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I was thinking it might be in Difford's (which I've seen you mention a few times). I don't own a copy and was about to order the 7th Edition (I understand it has recipes that use St. Germain), but then I noticed that the 8th Edition is due out in September, so I'm thinking of just waiting for that one.
Mike

"The mixing of whiskey, bitters, and sugar represents a turning point, as decisive for American drinking habits as the discovery of three-point perspective was for Renaissance painting." -- William Grimes

#45 Chris Amirault

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Posted 06 August 2008 - 04:07 PM

Made an Atlas with Laird's bonded, Lemon Hart 151, Creole Shrubb, and house bitters. It's both delicious and positively masculating, the sort of drink that my grandfather would say "puts hair on your chest."
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#46 judiu

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Posted 06 August 2008 - 06:37 PM

I was going to put this in the Drinks! thread, but it's appropriate here as well.

In Trader Vic's Bartender's Guide is a drink called the Atlas:
1 oz. calvados or Applejack (I used Applejack)
[...]
And here's the strange thing about this cocktail.  This drink does not appear, at least under the name Atlas, anyway, in any of these cocktail books:
[...]
I don't know if the recipe goes by other names (I wouldn't be surprised if it did), but it's the first time I noticed it.  I checked a few online databases, and the Cocktaildb has it:
http://www.cocktaild...e_detail?id=120
(except their version calls for a full ounce of rum)
[...]

View Post

The cocktaildb got most of its recipes by scanning "Jones' Complete Bar Guide". I had thought Jones got most of his recipes by way of Duffy, but it looks like they went through the intermediate step of the 1948 Trader Vic Bartender's Guide, as a few recipes, like the Caprice and Atlas got added that weren't in Duffy.
Sort of like a game of telephone, though, the further they get from the originals, the more likely they are to be distorted.

For example, the Caprice in Trader Vic is: 1 oz gin; 1/2 teaspoon Dry Vermouth; 1/2 teaspoon benedictine; 2 dashes orange bitters. In Jones it is 1 1/2 oz gin; 1/2 oz Dry Vermouth; 1/2 oz Benedictine; 1 dash orange bitters.

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Ahhm, maybe bigger glasses?
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#47 Dave the Cook

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Posted 06 August 2008 - 06:56 PM

In scanning the recipe cards from Tales of the Cocktail, I can across Paul Clarke's Morning Glory, Imperial Style. He's too modest or too busy to post it here, I suspect:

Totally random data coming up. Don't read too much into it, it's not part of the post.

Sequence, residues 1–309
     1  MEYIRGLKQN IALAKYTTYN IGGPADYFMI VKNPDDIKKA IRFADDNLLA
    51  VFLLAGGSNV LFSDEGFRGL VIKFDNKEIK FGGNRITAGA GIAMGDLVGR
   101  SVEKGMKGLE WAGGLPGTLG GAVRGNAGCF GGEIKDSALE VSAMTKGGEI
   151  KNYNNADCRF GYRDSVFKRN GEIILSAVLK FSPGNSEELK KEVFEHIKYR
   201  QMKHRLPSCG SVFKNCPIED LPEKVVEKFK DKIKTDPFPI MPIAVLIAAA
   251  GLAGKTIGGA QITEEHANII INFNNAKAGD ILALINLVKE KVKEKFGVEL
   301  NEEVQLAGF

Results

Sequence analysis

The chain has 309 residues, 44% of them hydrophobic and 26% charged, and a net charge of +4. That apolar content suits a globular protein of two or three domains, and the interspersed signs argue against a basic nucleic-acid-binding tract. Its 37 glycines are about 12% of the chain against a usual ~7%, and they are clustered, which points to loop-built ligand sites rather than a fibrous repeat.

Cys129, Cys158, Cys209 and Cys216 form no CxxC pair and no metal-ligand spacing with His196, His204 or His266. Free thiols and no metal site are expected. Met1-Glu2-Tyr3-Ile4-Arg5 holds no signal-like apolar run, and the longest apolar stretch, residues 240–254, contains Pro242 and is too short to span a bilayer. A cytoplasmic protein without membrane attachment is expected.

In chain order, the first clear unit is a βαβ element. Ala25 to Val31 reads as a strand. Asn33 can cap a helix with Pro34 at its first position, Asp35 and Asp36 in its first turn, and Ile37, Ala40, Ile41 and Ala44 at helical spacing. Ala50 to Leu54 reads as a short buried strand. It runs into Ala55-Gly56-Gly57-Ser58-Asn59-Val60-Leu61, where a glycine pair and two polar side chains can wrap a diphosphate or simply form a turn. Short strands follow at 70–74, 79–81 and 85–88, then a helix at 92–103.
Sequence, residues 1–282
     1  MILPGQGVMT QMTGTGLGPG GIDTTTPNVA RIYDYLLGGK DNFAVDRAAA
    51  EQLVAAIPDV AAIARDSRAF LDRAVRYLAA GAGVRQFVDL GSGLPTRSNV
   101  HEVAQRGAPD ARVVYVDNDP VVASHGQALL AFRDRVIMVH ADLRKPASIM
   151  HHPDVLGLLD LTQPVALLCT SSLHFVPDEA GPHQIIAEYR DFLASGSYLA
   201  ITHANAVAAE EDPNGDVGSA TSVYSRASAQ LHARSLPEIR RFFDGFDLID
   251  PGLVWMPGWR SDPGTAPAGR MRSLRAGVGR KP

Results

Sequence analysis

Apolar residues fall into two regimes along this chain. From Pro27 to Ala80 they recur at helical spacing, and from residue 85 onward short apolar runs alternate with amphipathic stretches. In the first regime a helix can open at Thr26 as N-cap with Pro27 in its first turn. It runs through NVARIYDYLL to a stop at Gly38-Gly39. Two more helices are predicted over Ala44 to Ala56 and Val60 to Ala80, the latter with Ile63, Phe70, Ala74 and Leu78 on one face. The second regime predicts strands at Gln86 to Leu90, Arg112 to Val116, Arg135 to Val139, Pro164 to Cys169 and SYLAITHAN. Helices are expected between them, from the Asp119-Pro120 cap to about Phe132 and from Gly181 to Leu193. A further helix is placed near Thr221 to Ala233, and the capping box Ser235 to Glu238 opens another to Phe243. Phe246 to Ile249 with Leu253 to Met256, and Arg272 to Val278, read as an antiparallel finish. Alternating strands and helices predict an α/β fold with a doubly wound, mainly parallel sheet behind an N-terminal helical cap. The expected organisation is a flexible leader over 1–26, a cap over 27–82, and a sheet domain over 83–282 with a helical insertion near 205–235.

1 oz cognac
1 oz rye
1 t curacao
1 t simple syrup
1 t absinthe
2 dashes Angostura bitters

Stir with ice and strain into a chilled glass. Top with

2 oz champagne

This led me to the Morning Glory in CocktailDB, which is pretty much the same, except for the use of soda instead of sparkling wine. Nice drink, either way.

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#48 Mike S.

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Posted 06 August 2008 - 07:33 PM

This is SUCH a great thread -- I've just spent a nice long time copying down all these recipes and doing a bit of research on the side. David's link to the WSJ article above leads to a nice story and recipe about the Omar Bradley (a battle-field Old Fashioned made with orange marmalade) that looks great!
Cheers,

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#49 KatieLoeb

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Posted 07 August 2008 - 11:58 AM

In scanning the recipe cards from Tales of the Cocktail, I can across Paul Clarke's Morning Glory, Imperial Style. He's too modest or too busy to post it here, I suspect:

1 oz cognac
1 oz rye
1 t curacao
1 t simple syrup
1 t absinthe
2 dashes Angostura bitters

Stir with ice and strain into a chilled glass. Top with

2 oz champagne

This led me to the Morning Glory in CocktailDB, which is pretty much the same, except for the use of soda instead of sparkling wine. Nice drink, either way.

View Post


Methinks we tasted these as prepared by David Wondrich at the Morning Glory Cocktails seminar that took place at Cafe Adelaide. It was early in the morning after a late night, so the details are a bit fuzzy, but I recall this being utterly delicious and a fabulous way to consume the hair of the dog...

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Author: Shake, Stir, Pour:Fresh Homegrown Cocktails

Cheers!
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#50 judiu

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Posted 07 August 2008 - 02:36 PM